A fraction of plastics are recycled. The rest end up in landfills or in the world's oceans. Agilyx, which recently raised $25 million from investors, has found a way to turn those hard-to-recycle plastics back into oil -- where it might just end up fueling your car.
The Beaverton, Oregon startup said yesterday it has raised $25 million in a series C funding round led by new investor Keating Capital. Existing investors Kleiner Perkins Caulfield & Byers, Saffron Hill Ventures, Waste Management -- which has poured money into various waste-to-fuel startups -- and Chrysalix Energy Venture Capital, Reference Capital and Total Energy Ventures also joined this latest round. Agilyx snapped up $22 million from investors back in March.
This latest round of raised money will be used to fund marketing, business development and the deployment of new projects. The money also will be used as Agilyx CEO Chris Ulum put it in a release to "build a war chest to continue to scale our operations."
How the process works
Agilyx's system can convert about 10 tons of plastic (see photo of plastics above) into approximately 60 barrels -- or 2,400 gallons -- of oil per day. Once processed, the synthetic crude is sent to a refinery in the Pacific Northwest, where it can be turned into a variety of fuels including gasoline.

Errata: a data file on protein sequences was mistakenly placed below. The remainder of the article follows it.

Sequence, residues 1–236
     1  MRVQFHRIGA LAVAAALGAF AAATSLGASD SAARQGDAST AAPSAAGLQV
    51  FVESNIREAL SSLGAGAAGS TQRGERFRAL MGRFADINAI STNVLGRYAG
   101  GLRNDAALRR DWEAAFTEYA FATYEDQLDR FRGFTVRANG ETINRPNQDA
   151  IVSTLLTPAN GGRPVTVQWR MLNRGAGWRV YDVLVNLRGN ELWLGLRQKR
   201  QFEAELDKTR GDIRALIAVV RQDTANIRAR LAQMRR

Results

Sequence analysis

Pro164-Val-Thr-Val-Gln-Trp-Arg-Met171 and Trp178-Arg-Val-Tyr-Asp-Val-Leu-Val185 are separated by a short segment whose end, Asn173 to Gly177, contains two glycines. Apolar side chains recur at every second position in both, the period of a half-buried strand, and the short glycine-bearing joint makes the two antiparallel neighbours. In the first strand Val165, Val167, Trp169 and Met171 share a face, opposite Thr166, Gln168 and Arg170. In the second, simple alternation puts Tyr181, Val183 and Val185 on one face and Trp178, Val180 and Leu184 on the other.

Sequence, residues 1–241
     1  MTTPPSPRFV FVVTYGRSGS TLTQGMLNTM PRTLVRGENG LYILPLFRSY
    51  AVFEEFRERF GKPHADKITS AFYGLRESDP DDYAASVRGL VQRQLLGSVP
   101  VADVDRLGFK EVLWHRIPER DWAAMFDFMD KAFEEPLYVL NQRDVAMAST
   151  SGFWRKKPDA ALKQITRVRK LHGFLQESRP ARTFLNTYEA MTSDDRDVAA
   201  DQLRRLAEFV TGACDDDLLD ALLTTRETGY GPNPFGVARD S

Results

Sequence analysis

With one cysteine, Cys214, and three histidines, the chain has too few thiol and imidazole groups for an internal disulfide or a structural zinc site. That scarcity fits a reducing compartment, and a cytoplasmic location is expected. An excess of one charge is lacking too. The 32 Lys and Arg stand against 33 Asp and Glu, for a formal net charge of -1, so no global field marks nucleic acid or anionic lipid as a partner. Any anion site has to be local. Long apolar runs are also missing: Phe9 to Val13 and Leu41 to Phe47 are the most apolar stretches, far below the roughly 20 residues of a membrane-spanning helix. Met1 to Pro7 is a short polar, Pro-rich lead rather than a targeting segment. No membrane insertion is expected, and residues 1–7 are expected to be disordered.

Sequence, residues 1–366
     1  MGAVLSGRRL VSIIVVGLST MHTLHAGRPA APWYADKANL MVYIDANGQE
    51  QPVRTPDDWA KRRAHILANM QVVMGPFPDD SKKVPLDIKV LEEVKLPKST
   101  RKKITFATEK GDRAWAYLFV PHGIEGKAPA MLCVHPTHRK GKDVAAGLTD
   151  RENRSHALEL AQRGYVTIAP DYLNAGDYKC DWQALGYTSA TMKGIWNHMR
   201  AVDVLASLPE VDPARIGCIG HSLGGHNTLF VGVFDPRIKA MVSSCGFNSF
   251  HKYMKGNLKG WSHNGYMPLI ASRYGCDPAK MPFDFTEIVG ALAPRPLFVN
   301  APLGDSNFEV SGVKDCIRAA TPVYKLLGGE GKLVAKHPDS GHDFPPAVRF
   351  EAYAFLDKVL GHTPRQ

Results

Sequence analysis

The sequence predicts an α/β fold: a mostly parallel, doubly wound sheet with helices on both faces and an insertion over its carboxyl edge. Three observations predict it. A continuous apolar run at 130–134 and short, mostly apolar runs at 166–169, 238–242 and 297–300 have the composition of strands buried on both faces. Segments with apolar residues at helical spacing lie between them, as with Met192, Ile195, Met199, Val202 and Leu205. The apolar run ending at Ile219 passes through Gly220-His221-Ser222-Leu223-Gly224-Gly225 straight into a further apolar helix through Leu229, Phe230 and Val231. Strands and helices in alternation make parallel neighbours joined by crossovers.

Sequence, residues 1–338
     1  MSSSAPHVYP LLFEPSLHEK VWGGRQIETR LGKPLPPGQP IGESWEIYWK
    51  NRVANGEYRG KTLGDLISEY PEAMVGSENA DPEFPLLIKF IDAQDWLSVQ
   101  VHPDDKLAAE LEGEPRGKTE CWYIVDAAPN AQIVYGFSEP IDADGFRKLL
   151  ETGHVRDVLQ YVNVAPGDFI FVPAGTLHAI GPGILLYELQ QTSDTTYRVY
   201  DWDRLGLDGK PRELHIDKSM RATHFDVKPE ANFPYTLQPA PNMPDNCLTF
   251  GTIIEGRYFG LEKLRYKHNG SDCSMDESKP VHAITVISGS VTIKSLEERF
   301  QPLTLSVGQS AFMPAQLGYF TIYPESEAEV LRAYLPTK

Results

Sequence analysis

The company uses anaerobic thermal reclamation process to convert plastics to oil. Meaning, heat without oxygen.
The conversion begins by heating up the plastics in a oxygen-less tank. As the hot air is recirculated around the large holding tanks, the plastic is turned from a solid to a liquid and eventually to a gas. These gases are pulled from the tank into a central condensing system, where they are cooled and condensed into synthetic crude. An "environmental control device," scrubs all of the lightweight gases that don't condense.
As of now, the company has produced and sold more than 250,000 gallons of crude oil, meaning its technology has recovered more than 2 million pounds of plastic that would otherwise have been incinerated or ended up in a landfill, according to Ulum.
This post was originally published on Smartplanet.com